Eruption: Yellowblown Series Book One
Copyright © 2014 by Jill Hughey
heart thudded like a subwoofer while I drove the last mile up the hill to Western Case College, known by its students and alums as Head Case U. Today, my life resumed. The bane of my summer, Mom, tucked her ebook reader into her black and white geometric fabric tote bag that begged everyone to see her as trendy instead of the rural, part-time journalist housewife she was. Begged and failed.
My fingers tapped the steering wheel, alive with
the anticipation of arriving at my sophomore dorm room where I planned to live unhindered for the next nine months. I hoped to skip Thanksgiving this year, unbeknownst to my parents, though I’d probably have to go home for the longer winter break. I’d miss Dad, I had to admit. The fact Mom had landed and kept him for twenty-one years gave me faith some sort of hidden awesomeness lay underneath her nosy mom-ness.
I cruised through the
off-campus area of run-down student apartments, coffee houses and pizza joints into the chaos of upperclassmen move-in day. The freshmen had been here since Thursday. They stood out like Christian rock groupies who’d accidentally stumbled on a rave, their eyes wide, stunned as the experienced Head Cases screamed greetings at friends and unloaded duffel bags and mini-fridges out of everything from SUVs (my mom’s—gag) to cute little foreign convertibles (Twyla Blakelock—sorority girl—double gag).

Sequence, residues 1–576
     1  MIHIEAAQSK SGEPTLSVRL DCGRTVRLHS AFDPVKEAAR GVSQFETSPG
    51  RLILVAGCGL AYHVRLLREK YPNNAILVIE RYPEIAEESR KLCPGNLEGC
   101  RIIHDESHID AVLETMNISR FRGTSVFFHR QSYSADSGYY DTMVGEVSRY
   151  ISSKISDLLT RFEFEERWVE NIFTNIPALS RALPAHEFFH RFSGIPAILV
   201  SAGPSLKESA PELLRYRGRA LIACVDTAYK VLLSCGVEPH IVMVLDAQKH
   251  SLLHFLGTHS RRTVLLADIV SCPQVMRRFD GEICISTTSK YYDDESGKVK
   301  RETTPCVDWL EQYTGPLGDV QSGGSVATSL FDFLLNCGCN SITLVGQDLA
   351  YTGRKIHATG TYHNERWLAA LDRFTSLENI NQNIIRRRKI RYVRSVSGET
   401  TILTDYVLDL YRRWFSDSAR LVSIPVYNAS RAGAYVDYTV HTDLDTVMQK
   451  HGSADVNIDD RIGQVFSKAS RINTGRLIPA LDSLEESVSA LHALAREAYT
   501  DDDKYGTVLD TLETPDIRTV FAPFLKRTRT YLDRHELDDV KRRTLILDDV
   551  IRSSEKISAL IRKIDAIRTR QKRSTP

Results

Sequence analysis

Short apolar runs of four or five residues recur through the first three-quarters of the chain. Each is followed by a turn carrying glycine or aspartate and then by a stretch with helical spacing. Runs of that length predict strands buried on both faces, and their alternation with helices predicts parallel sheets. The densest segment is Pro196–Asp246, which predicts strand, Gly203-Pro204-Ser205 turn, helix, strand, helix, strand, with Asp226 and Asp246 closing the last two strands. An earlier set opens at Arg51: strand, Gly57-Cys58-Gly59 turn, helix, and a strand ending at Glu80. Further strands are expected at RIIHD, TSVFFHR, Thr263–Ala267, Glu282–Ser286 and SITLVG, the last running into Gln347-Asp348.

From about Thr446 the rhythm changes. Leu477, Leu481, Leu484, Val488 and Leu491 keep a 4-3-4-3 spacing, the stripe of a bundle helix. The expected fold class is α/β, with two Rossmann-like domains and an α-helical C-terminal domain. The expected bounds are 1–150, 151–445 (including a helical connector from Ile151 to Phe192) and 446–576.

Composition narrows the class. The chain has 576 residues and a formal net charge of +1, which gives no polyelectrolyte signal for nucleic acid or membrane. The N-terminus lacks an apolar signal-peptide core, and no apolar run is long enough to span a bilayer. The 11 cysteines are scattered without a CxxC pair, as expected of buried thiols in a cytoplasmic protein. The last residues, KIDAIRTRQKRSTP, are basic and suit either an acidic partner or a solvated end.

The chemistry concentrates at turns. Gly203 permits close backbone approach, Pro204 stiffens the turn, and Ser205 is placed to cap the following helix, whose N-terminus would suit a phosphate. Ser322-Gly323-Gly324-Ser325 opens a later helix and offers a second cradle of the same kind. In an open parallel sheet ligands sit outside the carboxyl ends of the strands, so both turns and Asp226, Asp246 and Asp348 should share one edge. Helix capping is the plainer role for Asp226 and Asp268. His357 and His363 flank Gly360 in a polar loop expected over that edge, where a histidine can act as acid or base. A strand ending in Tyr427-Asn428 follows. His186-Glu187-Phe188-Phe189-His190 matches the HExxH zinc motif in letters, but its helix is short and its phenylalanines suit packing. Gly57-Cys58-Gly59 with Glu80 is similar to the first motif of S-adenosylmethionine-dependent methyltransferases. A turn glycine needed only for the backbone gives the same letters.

Mom smiled over at me, each lock of her super-short dark hair in perfect order, the way she wanted everything. Her eyes sparkled. She loved my life. She fed on the details of my existence, parasitic as the tapeworms our scooting dog had rubbed out of its butt years ago after Dad forgot to take it to the vet.
I’d been reduced this summer, when not at my babysitting job, to retreating into the woods around our house for a break from her constant monitoring. I’d sit within a circle of laurel where no one bothered me, like I’d found the force field the daughter in